Budisidharta: Birthright citizenship under the 14th Amendment
By Harry Budisidharta, for AsiaXpress.com
Oct. 2, 2010
Within the past six months, the national conversation has shifted from policies addressing the effects of illegal immigration to ideas seeking its prevention. In late April, Arizona’s notorious Senate Bill 1070 was signed into law by its governor. The purpose of those laws was to identify illegal immigrants already in the United States so that federal authorities could take proper actions, deporting them if necessary. In late May, as a preventative measure, President Barack Obama issued orders allowing up to 1,200 National Guard troops to be deployed along the U.S. border with Mexico. In the past two months, however, the debate has shifted to a decades-old idea, still within the memory of many Asian Americans, that attempts both to prevent illegal immigration and limit its consequences.
Sen. Lindsey Graham, R-S.C. is widely credited as the latest source of the proposal to amend the 14th Amendment of the United States Constitution. Specifically, Graham stated that he was considering introducing an amendment to eliminate the “mistake” of birthright citizenship. Birthright citizenship is a reference to the first sentence of Section 1 of the 14th Amendment, which declares “All persons born or naturalized in the United States and subject to the jurisdiction thereof, are citizens of the United States and of the State wherein they reside.”He believes illegal immigrants are using birthright citizenship as part of their insultingly-named practices of “drop and leave” and “anchor babies.” These labels refer to allegations that some illegal immigrants enter the United States for the express purpose of birthing a child, so that the child is a de facto U.S. citizen that can later facilitate the parents’ path to citizenship. Senator Graham’s proposal provides a stark reminder to the Asian-American community of the same fear and paranoia directed toward its members in the not-so-distant past.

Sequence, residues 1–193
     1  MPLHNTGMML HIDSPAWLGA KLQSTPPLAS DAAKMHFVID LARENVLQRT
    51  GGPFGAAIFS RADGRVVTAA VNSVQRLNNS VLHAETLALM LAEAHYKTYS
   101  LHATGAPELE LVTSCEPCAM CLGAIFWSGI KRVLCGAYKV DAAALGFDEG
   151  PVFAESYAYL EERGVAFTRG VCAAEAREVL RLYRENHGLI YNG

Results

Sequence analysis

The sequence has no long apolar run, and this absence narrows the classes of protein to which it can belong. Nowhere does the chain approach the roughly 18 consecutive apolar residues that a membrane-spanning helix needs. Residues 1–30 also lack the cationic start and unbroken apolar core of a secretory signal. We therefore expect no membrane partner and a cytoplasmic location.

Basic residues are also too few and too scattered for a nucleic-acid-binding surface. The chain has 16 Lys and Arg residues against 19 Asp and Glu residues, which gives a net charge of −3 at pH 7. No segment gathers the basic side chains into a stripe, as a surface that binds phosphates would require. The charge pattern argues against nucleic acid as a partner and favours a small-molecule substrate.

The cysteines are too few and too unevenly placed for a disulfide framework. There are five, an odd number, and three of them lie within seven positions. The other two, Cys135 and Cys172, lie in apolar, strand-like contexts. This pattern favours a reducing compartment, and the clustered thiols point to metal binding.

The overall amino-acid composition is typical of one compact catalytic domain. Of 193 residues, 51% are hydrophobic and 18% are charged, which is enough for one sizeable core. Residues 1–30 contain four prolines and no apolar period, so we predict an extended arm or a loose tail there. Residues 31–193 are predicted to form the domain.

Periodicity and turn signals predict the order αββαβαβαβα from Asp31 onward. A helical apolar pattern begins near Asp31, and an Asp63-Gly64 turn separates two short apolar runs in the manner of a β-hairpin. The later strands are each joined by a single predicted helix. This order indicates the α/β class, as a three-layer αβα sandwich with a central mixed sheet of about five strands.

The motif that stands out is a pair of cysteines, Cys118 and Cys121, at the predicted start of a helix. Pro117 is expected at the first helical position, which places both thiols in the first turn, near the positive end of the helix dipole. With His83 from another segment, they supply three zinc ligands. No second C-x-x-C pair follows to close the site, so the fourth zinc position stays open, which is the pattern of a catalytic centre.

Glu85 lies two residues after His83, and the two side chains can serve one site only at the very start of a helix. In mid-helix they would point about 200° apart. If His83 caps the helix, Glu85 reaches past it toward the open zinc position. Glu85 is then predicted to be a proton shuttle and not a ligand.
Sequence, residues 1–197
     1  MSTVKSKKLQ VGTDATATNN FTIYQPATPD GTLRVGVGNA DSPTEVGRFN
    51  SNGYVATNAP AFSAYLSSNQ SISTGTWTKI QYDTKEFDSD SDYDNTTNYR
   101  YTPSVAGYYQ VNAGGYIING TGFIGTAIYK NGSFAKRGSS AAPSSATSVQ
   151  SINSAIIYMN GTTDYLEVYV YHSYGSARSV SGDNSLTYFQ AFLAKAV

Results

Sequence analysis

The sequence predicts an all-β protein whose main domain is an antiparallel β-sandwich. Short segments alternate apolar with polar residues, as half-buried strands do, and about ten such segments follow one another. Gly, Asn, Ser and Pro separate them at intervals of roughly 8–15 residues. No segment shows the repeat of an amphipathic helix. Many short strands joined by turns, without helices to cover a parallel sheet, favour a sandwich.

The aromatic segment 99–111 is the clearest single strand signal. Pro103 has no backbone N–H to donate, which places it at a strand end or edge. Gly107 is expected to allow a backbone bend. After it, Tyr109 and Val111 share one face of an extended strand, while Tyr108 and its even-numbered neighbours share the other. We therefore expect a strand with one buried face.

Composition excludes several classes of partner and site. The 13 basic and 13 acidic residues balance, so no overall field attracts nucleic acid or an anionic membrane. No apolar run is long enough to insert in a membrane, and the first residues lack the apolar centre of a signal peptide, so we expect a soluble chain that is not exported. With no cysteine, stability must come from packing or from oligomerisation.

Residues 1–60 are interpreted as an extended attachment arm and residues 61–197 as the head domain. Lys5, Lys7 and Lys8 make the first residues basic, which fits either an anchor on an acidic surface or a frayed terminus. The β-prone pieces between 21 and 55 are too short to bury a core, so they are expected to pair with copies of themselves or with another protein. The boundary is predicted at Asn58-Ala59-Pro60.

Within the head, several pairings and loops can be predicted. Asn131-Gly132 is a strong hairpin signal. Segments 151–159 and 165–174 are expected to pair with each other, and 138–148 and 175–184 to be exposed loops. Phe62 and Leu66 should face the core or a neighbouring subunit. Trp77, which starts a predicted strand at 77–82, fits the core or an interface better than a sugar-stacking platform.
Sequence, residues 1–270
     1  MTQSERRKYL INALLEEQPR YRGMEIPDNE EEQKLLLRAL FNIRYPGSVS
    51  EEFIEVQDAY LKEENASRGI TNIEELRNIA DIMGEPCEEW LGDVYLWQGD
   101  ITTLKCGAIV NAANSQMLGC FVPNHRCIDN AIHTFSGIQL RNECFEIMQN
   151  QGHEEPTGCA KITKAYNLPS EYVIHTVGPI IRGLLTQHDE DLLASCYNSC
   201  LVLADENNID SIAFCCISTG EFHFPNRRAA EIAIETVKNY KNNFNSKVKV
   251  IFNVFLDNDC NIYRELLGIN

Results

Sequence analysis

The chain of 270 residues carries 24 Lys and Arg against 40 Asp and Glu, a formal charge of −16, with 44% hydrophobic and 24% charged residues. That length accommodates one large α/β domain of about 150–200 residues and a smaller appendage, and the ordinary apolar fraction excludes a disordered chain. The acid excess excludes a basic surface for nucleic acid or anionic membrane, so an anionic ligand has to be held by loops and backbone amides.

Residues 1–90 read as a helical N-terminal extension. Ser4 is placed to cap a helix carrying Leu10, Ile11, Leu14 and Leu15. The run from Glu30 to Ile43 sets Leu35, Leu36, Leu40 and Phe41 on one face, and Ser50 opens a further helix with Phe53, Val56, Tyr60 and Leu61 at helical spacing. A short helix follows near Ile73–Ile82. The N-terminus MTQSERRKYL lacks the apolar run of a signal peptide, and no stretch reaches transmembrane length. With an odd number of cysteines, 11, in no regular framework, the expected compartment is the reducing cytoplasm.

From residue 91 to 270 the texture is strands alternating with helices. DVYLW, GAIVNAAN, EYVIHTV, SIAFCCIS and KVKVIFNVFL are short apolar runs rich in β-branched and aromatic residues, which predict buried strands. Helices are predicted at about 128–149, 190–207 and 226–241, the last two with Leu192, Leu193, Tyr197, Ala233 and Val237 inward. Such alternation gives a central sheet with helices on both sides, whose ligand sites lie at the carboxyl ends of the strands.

In 1898, it took a United States Supreme Court decision to confirm the citizenship of Wong Kim Ark. Wong Kim was born in 1873 in San Francisco to parents who were of Chinese descent and subjects of the emperor of China. Wong Kim visited China briefly when he was 17, but returned to the U.S. without any problems. He again visited China when he was 21, but when he returned he was denied permission to land in the U.S. by the customs official. The official cited the 1882 Chinese Exclusion Act which prohibited Chinese laborers from entering the U.S. as the reason for denying entry to Wong Kim. The Supreme Court thoroughly examined English common law and the history of Section 1 of the 14th Amendment before declaring Wong Kim to be a citizen. The Court recognized that the section was originally intended to protect the rights of African Americans. But the Court found broader application when it focused on the first three words of the Section, “All persons born,” finding their meaning was “restricted only by place and jurisdiction, and not by color or race.” The Court concluded that the 14th Amendment “affirms the ancient and fundamental rule of citizenship by birth within the territory, in the allegiance and under the protection of the country, including all children here born of resident aliens.”